A rat would have been dispatched in about a nano-second. Maybe three nano-seconds if KC was feeling playful.

I miss that cat. :frowning:

Our cat regularly kills (and eats) rats that have taken up residence in prickly pear catcus near our house. He’ll also go after mice, lizards, snakes, and baby cottontail rabbits. Very rarely will he take a quail. Full grown cottontails are right out, I’d I suspect he would run from a jackrabbit. I’ve seen him swat at scorpions, but he had zero interest in a 6 inch centipede last week.

This is a cat that runs away from any other cat that is even slightly aggressive. Rats though? No problem.

Edited to add: He’s maybe a 10 pound cat. Not very big.

I found a feral kitty in the park and took it home. It was a killer. No way you could keep him in. We had a rat problem in our suburb. I saw them as a walked the neighborhood, day or night. He cleaned them out. I was left with big dead rats in my driveway every morning. The rats have never come back.

We had a farm bred moggy when I was growing up. When the garden of the house over the back got a rat infestation due to the piles of crap they were collecting the first one he tangled with gave him a lot of trouble. We watched the fight from the window and it took about twenty minutes before the rat was dead. Every morning thereafter we found a dead rat outside the kitchen door until the people moved and their huge rat’s nest was cleared up. So I guess the answer is that cats can learn to kill rats if they are so inclined.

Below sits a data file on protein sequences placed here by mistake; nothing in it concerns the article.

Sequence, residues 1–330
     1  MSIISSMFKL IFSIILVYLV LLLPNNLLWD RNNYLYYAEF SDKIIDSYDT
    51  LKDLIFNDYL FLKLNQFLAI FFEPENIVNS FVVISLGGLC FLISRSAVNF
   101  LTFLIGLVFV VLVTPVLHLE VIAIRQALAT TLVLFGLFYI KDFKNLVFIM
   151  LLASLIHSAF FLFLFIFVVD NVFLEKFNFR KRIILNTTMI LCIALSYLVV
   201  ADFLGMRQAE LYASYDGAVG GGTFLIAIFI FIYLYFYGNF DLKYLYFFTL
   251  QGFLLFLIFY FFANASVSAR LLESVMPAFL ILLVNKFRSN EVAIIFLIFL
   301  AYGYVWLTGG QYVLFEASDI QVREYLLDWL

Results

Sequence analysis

If you put Chuck Norris’ mind in my body, he could kick a very serious quantity of ass. With my mind in my body, however, the only ass that would get kicked consistently would be my own.

I reckon it’s the same with cats. A 5 pound ball of badass is going to be a better killer than a 15 pound, Fancy-Feast eating, unaltered thomas-cat who has never been outside. It’s got everything to do with disposition and skillz.

The effectiveness of cats versus rats is highly variable, due to a variety of cat and rat sizes, as well as a variety of respective demeanors. In the case of cat versus mouse, the size difference is so much greater even an inept cat will typically handle one with no problem.

Not my 24 and 16 pound cats, however, who had a deer mouse nesting under their sleeping box for nearly a month, and surely must have seen it, but never even threatened it.

They’re sweet, affectionate, purring cats most of the time for me and Mr. Neville, and Luna, the 15-pounder, is really lazy. They’re both indoor cats, and hadn’t caught any prey since we adopted them in 2004. That’s partially why I was so surprised when I went downstairs to find a partially devoured mouse a few weeks ago.

I agree with the size argument. We tried to have a pit fight between a cat and a rabbit and the cat refused to fight.

But, imho, cats have a deterrent affect on rodents, either through sound or smell, so they don’t need to catch the rodent directly to be affective.